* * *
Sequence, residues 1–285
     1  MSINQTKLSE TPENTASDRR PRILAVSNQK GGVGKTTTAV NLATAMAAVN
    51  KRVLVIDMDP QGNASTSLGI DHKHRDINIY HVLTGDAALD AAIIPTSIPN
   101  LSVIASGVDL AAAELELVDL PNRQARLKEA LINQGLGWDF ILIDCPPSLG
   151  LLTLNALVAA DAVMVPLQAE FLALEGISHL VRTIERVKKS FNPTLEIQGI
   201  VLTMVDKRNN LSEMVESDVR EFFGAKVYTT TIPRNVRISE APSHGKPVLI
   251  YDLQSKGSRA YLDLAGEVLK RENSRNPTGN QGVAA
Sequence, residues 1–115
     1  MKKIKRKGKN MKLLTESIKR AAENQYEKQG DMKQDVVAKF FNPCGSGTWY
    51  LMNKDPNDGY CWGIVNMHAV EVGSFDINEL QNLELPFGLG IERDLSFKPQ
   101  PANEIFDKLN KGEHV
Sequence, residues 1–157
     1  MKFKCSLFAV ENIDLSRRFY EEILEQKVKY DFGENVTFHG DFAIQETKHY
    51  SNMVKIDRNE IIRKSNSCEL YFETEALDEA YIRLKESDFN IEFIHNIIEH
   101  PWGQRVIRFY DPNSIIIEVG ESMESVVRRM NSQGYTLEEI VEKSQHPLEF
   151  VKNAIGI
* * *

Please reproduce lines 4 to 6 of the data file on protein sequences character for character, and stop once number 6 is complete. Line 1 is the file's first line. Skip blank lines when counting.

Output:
   101  LSVIASGVDL AAAELELVDL PNRQARLKEA LINQGLGWDF ILIDCPPSLG
   151  LLTLNALVAA DAVMVPLQAE FLALEGISHL VRTIERVKKS FNPTLEIQGI
   201  VLTMVDKRNN LSEMVESDVR EFFGAKVYTT TIPRNVRISE APSHGKPVLI